... he joined her and her father in the evening, was confirmed, for his natural gaiety was gone, and an emotional constraint, made up of love, dubiety, and hope, kept him silent even in the precious moments when Doom retired to his reflections and his book, leaving them at the other end of the room alone. Nothing had been said about the letter; the Baron kept his counsel on it for a more fitting occasion, and though Olivia, who had taken its possession, turned it over many times in her pocket, its presentation involved too much boldness ...
— Doom Castle • Neil Munro

... estimate evidence, and ridiculed the rough methods and fallacious guesses of Spanish inquirers. Garcilasso de la Vega was born about 1540, being the son of an Inca princess and of a Spanish conqueror. His book, Commentarias Reales,(3) was expressly intended to rectify the errors of such Spanish writers as Acosta. In his account of Peruvian religion, Garcilasso distinguishes between the beliefs of the tribes previous to ...
— Myth, Ritual, and Religion, Vol. 1 • Andrew Lang

... presented to god after god. Between her figure and those of the divinities the wall was covered with hieroglyphs as fresh to-day as on that when the artist had limned them. A glance told him that they were extracts from the Book of the Dead. When the thief of bygone ages had broken into the tomb, probably not very long after the interment, the mud over which Smith had just crawled was still wet. This he could tell, since the clay from the rascal's feet remained upon the stairs, and that upon his ...
— Smith and the Pharaohs, and Other Tales • Henry Rider Haggard

... sarcastic now and then, but always good! The poor people at the Club (which I told you about in the last sheet) just adore him; and they say that he has saved many of them from worse than death. And you never told me about his book, dear mamma—'The Unexplored.' It is such a beautiful book—surely you think so, although you think ill of the writer? Of course you have read it? I have read it four times, I think; and I want to ask him about some parts of it, but ...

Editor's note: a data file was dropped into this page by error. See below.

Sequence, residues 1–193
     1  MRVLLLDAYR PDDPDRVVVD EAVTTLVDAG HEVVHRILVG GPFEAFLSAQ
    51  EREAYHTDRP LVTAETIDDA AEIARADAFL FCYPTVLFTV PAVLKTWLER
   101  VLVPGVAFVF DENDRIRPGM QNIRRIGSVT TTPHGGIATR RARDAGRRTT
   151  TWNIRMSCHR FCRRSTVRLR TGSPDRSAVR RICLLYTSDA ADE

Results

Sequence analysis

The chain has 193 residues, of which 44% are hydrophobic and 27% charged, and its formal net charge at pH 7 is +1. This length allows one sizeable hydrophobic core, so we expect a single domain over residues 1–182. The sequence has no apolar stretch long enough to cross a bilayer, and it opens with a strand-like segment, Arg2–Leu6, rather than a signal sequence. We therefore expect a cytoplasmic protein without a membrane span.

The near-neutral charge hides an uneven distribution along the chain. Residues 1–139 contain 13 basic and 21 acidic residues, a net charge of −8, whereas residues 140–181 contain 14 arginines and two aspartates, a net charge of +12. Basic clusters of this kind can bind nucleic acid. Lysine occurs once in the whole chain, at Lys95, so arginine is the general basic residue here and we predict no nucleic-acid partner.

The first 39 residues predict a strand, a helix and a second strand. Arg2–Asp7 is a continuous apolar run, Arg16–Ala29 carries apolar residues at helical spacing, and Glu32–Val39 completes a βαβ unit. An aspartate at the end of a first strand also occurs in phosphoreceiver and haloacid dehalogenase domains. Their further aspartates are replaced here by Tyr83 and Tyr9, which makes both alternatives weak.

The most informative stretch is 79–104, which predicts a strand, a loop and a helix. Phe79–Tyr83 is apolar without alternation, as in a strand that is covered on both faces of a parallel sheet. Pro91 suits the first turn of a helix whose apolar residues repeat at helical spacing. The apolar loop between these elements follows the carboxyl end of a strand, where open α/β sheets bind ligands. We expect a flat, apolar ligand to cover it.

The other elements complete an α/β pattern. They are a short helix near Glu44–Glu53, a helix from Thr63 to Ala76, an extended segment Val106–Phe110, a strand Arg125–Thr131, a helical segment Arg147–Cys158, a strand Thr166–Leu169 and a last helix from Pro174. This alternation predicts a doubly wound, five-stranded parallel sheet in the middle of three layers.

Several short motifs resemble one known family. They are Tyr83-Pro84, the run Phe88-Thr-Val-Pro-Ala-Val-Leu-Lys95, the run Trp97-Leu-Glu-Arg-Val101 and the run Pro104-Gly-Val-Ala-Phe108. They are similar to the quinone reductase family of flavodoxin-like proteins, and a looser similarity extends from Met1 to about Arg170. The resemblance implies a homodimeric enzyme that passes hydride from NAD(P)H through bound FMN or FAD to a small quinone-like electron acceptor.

— Brooke's Daughter - A Novel • Adeline Sergeant

... you will find it a beautiful place—you are wise enough to prefer the country to the town, I gather." Then he went on: "I have read all your books—I did not read them," he added with a smile, "that I might talk to you about them, but because they have interested me. May I say that each book has been stronger and better than the last, except in one case"—he mentioned the name of a book of mine—"in which you seemed to me to be republishing earlier work." "Yes," I said, "you are quite right; I was ...
— The Altar Fire • Arthur Christopher Benson

... nothing more being necessary, in order to explain them, than a view of our natural inclination toward greatness and beauty, and of those appearances, in the world around us, to which that inclination is adapted. This is the subject of the first book of the ...
— Poetical Works of Akenside - [Edited by George Gilfillan] • Mark Akenside

... and lay quietly in the darkness, but he could not sleep, and so he turned on the light again and tried to read; but his head was thumping, thumping and the words had no meaning for him. He put the book down. How extraordinary is the common delusion, he thought, that actors and actresses lead gay lives! Could anything be more dull than the life of an actor in a repertory theatre? Daily rehearsals in a dingy and draughty theatre and nightly performances in half-rehearsed ...
— The Foolish Lovers • St. John G. Ervine

... were doubtless purchasers for the Gentleman's Pocket Library: the desire to become a Perfect Gentleman (like this one) by home study evidently existed. But, although I am probably the only person who has read that instructive book for a very long time, it remains to-day the latest complete work which any young man wishing to become a Perfect Gentleman can find to study. Is it possible, I ask myself, that none but burglars any longer entertain this ambition? I can hardly ...
— The Perfect Gentleman • Ralph Bergengren

... not, though I have heerd of them as did. But my bird book says, feed a canary red pepper and he'll turn red, and stay so till next time he moults. I never should venture to resk a bird's health, not unless the parties wished it, but they do ...
— Mrs. Tree • Laura E. Richards

... did not surprise her. It was the Doctor's principle to combat anxiety with jests. He filled and lit one of his largest pipes, and smoked for some minutes before speaking. Irene, still nervous, let her eyes wander about the book-covered walls; a flush was on her cheeks, and with one of her hands she grasped the other wrist, as if to ...
— The Crown of Life • George Gissing